Should I be a dental employee or an independent contractor?

First things first: when you’re reviewing an employment agreement, make sure you understand whether you’re being hired as an employee or an independent contractor.

These are legally meaningful concepts that define the relationship in which one individual or entity retains another to perform certain work. Whether the dentist is an “employee” or an “independent contractor” is a matter of great importance, and mischaracterization of this relationship could result in adverse or unintended consequences, in such areas as tax law.

What is an independent contractor?

An independent contractor is a self-employed professional who exercises independent judgment and renders services as specified in a contract. The independent contractor is able to control the means and methods by which the work is performed while the party who retains the contractor is able to direct what work is to be performed but does not control when and how the result is accomplished.

Generally, an independent contractor exercises more personal autonomy and carries greater financial and management responsibility than does an employee. In general, the independent contractor will have greater control than an employee in terms of hours, fees, personal work routines, appointment book control, and treatment and planning.

What is an employee?

An employee follows an employer’s directions and supervision as to what and how work is to be performed (e.g., what order or sequence to follow when performing the work, when and where to work, procurement of supplies and equipment, what workers to hire or assist with the work, etc.). In general, the employer controls the details (such as the “when” and the “how”) of the employee’s service.

How to think about whether you're an employee or an independent contractor

Broadly speaking, a worker’s status is based on the engaging entity’s degree of control over the work performed with reference to three general categories:

Behavioral control. Does the engaging entity have the right to control the what, when, and how the work should be performed? This includes the instruments, equipment, schedule, what order or sequence to follow, and who can hire workers to assist with the job. An employee has less behavioral control than an independent contractor and is subject to the engaging entity’s direction.

Financial control. Does the engaging entity have the right to control fees, payment and collection policies? How is the worker compensated for performance and reimbursed for expenses? To what extent will the worker incur a financial profit or loss from his or her activities? An independent contractor generally exercises greater financial responsibility and faces a greater risk of financial loss than an employee.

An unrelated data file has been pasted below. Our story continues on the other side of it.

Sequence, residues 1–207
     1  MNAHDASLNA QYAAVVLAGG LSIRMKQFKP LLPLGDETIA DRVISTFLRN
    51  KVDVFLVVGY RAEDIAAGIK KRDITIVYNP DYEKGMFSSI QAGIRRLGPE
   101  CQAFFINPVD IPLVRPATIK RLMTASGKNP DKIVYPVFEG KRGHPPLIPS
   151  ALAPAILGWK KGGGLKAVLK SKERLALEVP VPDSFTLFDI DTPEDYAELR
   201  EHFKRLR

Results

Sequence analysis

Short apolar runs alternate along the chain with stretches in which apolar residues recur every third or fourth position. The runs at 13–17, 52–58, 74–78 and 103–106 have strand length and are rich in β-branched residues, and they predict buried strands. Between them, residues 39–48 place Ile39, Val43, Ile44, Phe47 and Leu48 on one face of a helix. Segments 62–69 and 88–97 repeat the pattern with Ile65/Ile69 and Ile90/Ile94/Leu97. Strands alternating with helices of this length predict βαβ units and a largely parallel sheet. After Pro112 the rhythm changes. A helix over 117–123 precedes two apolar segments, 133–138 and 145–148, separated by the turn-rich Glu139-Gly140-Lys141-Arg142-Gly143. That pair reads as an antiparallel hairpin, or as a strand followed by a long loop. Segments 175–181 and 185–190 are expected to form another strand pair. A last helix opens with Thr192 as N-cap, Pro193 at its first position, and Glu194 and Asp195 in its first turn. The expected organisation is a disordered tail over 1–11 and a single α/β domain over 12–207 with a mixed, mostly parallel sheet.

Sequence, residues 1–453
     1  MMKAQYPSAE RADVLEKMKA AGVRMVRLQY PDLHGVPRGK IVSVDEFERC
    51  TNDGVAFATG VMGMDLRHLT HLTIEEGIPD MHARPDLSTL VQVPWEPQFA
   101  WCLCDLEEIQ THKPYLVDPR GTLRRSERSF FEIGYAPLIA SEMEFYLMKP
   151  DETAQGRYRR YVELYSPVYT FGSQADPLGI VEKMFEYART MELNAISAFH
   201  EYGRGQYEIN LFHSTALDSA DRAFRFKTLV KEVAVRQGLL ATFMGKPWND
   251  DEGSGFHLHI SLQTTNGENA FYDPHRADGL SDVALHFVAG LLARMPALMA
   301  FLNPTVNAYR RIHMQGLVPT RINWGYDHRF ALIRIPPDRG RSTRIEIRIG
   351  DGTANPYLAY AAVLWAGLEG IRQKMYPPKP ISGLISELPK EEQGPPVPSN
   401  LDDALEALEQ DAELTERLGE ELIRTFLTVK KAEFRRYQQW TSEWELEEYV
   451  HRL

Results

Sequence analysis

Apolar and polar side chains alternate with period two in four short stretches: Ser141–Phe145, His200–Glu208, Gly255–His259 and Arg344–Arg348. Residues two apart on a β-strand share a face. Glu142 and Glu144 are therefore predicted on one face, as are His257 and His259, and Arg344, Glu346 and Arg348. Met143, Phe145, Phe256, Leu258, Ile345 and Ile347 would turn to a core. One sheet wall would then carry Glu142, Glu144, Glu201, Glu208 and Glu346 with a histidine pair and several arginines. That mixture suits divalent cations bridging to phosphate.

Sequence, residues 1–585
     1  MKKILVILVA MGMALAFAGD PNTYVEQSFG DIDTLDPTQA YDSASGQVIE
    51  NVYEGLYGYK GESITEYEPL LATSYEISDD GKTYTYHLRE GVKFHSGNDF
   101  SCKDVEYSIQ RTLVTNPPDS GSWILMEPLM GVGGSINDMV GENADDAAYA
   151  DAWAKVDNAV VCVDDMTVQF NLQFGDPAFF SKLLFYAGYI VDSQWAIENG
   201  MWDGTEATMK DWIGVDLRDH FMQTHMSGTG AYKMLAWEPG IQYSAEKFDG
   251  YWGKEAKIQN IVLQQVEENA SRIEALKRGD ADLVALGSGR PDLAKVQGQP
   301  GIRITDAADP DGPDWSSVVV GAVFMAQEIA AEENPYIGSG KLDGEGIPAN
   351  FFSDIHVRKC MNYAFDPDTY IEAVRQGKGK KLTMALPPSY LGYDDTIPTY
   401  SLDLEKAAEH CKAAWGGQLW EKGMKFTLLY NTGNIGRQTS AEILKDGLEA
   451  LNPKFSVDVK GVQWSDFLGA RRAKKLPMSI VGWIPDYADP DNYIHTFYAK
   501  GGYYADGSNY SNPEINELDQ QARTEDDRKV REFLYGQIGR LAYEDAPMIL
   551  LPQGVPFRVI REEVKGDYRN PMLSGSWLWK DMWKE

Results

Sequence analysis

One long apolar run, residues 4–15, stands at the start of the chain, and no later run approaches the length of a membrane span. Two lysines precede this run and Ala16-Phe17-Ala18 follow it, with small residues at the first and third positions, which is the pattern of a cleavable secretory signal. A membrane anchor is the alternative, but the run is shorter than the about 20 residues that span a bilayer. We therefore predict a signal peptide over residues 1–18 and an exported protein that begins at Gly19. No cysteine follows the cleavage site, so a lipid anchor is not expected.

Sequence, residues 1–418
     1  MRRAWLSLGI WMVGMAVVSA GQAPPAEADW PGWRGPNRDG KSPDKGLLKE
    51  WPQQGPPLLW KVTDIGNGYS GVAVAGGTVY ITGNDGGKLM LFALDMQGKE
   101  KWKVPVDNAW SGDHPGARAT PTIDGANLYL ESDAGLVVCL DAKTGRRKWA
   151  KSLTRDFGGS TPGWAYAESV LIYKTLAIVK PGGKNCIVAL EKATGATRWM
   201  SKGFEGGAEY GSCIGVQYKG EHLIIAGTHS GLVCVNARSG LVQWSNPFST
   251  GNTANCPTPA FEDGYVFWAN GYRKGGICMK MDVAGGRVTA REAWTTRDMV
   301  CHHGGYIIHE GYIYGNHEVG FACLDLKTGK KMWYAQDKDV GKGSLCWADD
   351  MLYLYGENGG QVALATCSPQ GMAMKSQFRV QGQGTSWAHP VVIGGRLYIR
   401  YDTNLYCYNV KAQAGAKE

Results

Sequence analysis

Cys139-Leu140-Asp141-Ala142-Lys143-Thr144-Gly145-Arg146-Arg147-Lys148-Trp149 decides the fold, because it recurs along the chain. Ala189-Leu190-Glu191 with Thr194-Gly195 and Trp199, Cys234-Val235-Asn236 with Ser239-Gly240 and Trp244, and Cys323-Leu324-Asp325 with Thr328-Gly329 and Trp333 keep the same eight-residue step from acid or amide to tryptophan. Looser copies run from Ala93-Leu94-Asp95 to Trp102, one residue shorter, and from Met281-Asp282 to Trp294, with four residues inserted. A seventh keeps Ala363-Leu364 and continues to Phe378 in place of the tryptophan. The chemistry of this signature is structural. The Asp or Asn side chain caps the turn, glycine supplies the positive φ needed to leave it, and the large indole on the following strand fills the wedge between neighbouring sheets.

Nature of the relationship. Are employee-type benefits, such as insurance, vacation pay, or sick pay, provided to the engaged dentist? Is the worker responsible for securing all of his/her own patients, or are patients provided by the engaging entity?

See more: Am I an employee or an independent contractor?

Why might I want to be an employee dentist versus an independent contractor?

A dentist may prefer to be engaged as an independent contractor if he or she desires greater decision-making, self-management and increased personal autonomy. This dentist may want the ability to build his or her own practice while limiting immediate financial overhead. The engaged dentist may prefer that the employer not withhold taxes (income, Social Security) and prefer to manage his or her own tax liabilities; however, this may prove a risky strategy if the dentist does not save adequately to pay the un-withheld taxes when they come due.

A dentist may prefer to be hired as an employee if he or she seeks a stable income stream, benefits (such as health insurance, workers’ compensation, credit towards Social Security), and less management responsibility.

What to ask yourself if you're unsure whether you should be an employee dentist or an independent contractor

Not sure which is right for you? Ask yourself:

  • Do you prefer a steady income or an income more based on your ability to secure patients?
  • Are you comfortable seeking patients if the practice does not provide or refer patients?
  • How important are employer-provided benefits? Do you have others (spouse, parents) who can provide benefits (such as health insurance) if your employment does not?
  • Are you comfortable or experienced in managing, marketing and exercising financial responsibility?
  • Do you want to practice with one practice or have the ability to market to others?
  • How comfortable are you in a controlled environment, as an “employee”?

For more details on the implications of being an employee dentist compared to an independent contractor, review chapter 4 of Dental Employment Agreements: The Devil’s In the Details. This chapter also includes sample clauses with language you may see in your own contract.

Learn more about negotiating and understanding dental employment agreements and contracts. Check out the full list of clauses and topics and download the ebook, which is full of sample language, examples and in-depth explanations.